Though most lymphomas begin within the lymph nodes or internal organs, there are certain types that may appear to begin within the skin.  The most prevalent type of primary cutaneous  lymphoma diagnosed is cutaneous T-cell lymphoma (called mycosis fungoides). 

Adnexal tumors begin in the hair follicles or glands of the skin.  While it is very rare for tumors of this type to be malignant, benign tumors of this nature are common.

Sarcomas develop in the connective tissue cells, usually located deeply under the skin.  Less commonly sarcomas develop in the dermis and subcutaneous layer of the skin.  There are many types of sarcomas that develop in the skin such as dermatofibrosarcoma protuberans and angiosarcoma (blood vessel cancer).

Most tumors found on the skin are benign and rarely develop into cancer.  Tumors of this nature include the following:

  • Moles (most types)
  • Hemangiomas: benign blood vessels, often referred to as strawberry marks, port wine stains and stork bites
  • Lipomas: soft growth of benign fatty cells
  • Sebhorrheic keratoses: brown, tan or black raised spots with a rough surface or waxy-like appearance
  • Warts: roughly surfaced growths that are caused by a virus

Precancerous or pre-invasive skin conditions may develop into skin cancer or might possibly be early stage skin cancer.  Some forms include the following:

Actinic keratosis: a precancerous skin condition also known as solar keratosis, caused by direct  overexposure to sunlight.  These are small rough spots that are generally pinkish-red or flesh colored and usually develop on the ears, face, arms and back of hands.  Usually occurring in the elderly population and people with fair skin, though it can happen on any other area of the body that receives excessive sunlight exposure.

Squamous cell carcinoma in situ (Bowen disease):  the condition is the earliest form of squamous cell carcinoma, in situ denotes that these types of cancer cells are still located entirely within the epidermal layer and have not spread to the dermis.   Appearing as reddish patches, Bowen disease patches are larger when compared with actinic keratoses.  This form is less invasive than other types of skin cancers, and Bowen disease of the anus and genital skin are more than likely due to the human papilloma virus (HPV).

What are the Risk Factors Associated with Skin Cancer?

Risk factors are things that affect a persons chance of developing a disease, such as cancer.  Different types of cancers have different risk factors, but having an increased risk does not mean a person will definitely develop cancer.   The following list contains known risk factors of basal cell carcinomas, squamous cell carcinomas, (but list does not apply to other forms of non-melanoma skin cancer such as cutaneous lymphoma and Kaposi sarcoma):

Ultraviolet (UV) light exposure:   believed to be the biggest risk factor associated with skin cancer.  Exposure to direct sunlight is the most common form of UV radiation, other sources include sun lamps and tanning booths, overexposure can lead to damage in the genes of skin cells.  Sun overexposure in youth is one of the many things that raises the chance of developing skin cancer.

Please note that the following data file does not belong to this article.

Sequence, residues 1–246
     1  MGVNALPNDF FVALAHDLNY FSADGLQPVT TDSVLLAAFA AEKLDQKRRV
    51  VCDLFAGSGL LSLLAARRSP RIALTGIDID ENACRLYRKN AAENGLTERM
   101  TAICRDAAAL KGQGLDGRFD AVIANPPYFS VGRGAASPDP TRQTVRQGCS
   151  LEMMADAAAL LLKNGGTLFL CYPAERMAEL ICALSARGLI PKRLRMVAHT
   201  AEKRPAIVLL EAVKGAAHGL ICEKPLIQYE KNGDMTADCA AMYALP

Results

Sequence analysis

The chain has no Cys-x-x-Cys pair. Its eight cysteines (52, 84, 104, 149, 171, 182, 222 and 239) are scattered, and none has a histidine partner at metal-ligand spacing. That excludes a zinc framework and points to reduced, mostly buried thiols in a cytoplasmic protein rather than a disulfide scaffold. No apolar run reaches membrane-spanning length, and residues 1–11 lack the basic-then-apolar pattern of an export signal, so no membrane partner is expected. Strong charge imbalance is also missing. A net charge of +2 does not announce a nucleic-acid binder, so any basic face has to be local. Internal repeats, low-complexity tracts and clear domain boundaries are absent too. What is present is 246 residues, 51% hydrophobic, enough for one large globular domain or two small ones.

Being fair skinned:  the risk factors for skin cancer are higher for people of Caucasian ethnicity than for African Americans of Latinos.  Due to the protective effect of melanin (skin pigmentation), Caucasians with fair (lightly colored) skin tones that freckle or burn easily, are at an increased risk.  This accounts for the higher rates of skin cancer in Australia and the British Isles.  People with congenital (present from birth) albinism have no skin pigment, pink-white skin and white hair.  Because of the lack of melanin and a high risk for skin cancers, albinos must be extremely careful to protect skin from UV rays.

Older age:  as people age, the risk of squamous cell carcinoma increases, maybe in part because of  the accumulation of sun overexposure throughout a lifetime.  However, cancers of this type are now showing up in the younger population, which is likely due to spending more time in the sun and not having adequate protection or using sunscreen.

Males:  men are twice as likely as a female to develop basal cell cancers, and three times more likely to have squamous cell cancers, the cause is thought to be linked to higher levels of sunlight exposure.

Being exposed to certain chemicals:  being exposed to large amounts of arsenic is directly linked to an increased risk of skin cancer.  Arsenic is a metal found naturally in well water, and is also used in making some types of pesticides and medications.  People who work around coal, tar, paraffin and certain types of oils may also have a higher risk of non-melanoma skin cancer.

Exposure to radiation:  people who have had radiation treatment have a higher likelihood of developing skin cancer in the same area that was treated.  Children who have received radiation treatment have particular problems due to this fact.  Most types of cancers that evolve from radiation exposure are basal cell carcinomas.

Past history of skin cancer:  people who have had a previous diagnosis of skin cancer have a much higher chance of recurrence.

Long-term severe skin inflammation or injury:  though the risk is small, people with scars from burns or areas of skin over severe bone infections and skin damage from chronic inflammation, are more likely to develop keratinocyte skin cancers.